From the book of African Americans of Spotsylvania County

The first schools that emerged after it became legal for black students to get a formal education was specifically for grades 1-7. As pictured below, it was a one-room classroom that was uninsulated and it was only built through the children’s parents financially supporting the community through the churches. Every month, black parents would hold a meeting to raise money that went to teacher’s salaries and keeping up of the school. So for the most part, it couldn’t have been possible without them.

It wasn’t until the 1900’s that The Sunday School Union sowed the seeds for secondary education. They donated land to build the Spotsylvania Training School, and in 1952 when one-room schools were abolished, this is where John J. Wright Consolidated School for African American children was opened. Initially John J. Wright taught classes from 1-11 grade but eventually went all the way through with 12th-grade.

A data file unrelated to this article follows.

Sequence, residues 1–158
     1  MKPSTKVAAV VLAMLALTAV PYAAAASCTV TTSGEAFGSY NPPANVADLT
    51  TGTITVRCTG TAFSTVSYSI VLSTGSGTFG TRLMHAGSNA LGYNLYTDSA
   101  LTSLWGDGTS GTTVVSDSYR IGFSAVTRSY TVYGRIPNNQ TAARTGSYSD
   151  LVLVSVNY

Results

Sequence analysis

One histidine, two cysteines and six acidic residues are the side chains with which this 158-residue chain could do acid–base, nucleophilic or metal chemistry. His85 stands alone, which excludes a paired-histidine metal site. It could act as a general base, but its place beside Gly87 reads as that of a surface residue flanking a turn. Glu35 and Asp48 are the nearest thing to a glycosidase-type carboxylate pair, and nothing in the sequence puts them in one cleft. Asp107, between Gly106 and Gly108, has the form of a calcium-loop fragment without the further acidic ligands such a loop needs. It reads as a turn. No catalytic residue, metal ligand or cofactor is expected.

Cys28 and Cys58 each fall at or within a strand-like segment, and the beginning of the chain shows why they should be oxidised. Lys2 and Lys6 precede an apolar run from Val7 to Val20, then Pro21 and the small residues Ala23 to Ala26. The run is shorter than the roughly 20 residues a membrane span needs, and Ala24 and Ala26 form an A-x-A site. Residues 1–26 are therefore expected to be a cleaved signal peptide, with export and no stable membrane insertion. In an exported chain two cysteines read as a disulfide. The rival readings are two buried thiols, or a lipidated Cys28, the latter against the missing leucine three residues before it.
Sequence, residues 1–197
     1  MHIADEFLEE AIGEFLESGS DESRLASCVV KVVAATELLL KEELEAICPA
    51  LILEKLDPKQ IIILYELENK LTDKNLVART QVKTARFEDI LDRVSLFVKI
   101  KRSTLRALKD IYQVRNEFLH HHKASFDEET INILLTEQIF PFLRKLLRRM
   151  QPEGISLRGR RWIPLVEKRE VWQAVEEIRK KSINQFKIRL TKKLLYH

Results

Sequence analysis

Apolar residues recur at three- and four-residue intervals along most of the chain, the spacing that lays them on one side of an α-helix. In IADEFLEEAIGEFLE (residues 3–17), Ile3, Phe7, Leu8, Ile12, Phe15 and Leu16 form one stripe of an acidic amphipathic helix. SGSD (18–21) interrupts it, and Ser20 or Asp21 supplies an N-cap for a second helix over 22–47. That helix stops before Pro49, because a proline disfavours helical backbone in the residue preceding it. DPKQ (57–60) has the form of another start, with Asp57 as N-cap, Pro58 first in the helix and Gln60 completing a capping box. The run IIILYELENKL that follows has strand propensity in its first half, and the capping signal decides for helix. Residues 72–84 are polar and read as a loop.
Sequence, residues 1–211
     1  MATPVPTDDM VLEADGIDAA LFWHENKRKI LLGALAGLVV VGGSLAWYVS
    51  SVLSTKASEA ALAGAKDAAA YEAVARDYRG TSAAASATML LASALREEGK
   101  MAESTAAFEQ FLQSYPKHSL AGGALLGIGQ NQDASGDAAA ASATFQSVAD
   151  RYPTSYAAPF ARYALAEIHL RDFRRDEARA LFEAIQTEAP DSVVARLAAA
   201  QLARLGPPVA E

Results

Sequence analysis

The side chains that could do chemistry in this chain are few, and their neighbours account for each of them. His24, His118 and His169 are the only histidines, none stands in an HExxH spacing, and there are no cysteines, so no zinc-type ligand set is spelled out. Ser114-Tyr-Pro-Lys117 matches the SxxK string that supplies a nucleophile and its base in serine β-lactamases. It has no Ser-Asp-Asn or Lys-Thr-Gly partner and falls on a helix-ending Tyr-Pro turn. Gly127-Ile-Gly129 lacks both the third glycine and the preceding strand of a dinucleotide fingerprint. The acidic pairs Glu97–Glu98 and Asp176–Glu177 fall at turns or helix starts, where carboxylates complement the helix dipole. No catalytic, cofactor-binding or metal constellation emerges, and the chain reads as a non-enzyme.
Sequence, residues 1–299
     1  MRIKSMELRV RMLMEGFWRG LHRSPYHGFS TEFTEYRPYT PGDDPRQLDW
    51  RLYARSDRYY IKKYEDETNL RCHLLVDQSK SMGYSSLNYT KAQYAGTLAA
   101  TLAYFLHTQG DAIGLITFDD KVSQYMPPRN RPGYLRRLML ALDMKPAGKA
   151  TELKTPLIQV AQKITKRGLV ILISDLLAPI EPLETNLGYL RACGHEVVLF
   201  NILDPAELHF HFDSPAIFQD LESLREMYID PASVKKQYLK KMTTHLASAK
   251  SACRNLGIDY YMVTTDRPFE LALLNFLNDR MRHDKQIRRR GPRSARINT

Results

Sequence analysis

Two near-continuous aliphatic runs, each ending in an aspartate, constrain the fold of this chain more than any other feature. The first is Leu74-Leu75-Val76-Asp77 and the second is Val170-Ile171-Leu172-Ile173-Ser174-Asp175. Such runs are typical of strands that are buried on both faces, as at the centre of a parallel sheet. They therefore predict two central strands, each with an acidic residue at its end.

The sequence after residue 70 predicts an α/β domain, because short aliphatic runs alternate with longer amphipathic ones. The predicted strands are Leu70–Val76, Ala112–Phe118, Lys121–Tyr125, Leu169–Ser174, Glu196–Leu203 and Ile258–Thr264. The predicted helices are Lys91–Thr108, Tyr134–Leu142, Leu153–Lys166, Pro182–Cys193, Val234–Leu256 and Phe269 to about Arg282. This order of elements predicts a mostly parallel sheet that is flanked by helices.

This was what an “all-black” class looked like.

Courtesy: Thelma Robinson Pryor Estate

Snell School burned down in 1941, later becoming John J. Wright.

Courtesy: 1958 John J. Wright Yearbook

John J. Wright the founder of what was once the Spotsylvania Training School.

Courtesy: Lee Broughton

Otelia Upshur (one of the first black teachers at Piney Branch School)

Courtesy: Alberta Robinson

Diggs School class which was located across the street from Mount Hope Baptist Church. (The class consisted of 9 boys and 12 girls)

Courtesy: Dorothy Smith Moore

Mayfield School (this school was for black students who were more fortunate)

Courtesy: Beatrice Byrd Lewis

Piney Branch School before it burned down.

Courtesy: Terry Miller

Ethel was the superintendent at John J. Wright.

Courtesy: Alfred C. Fairchild and family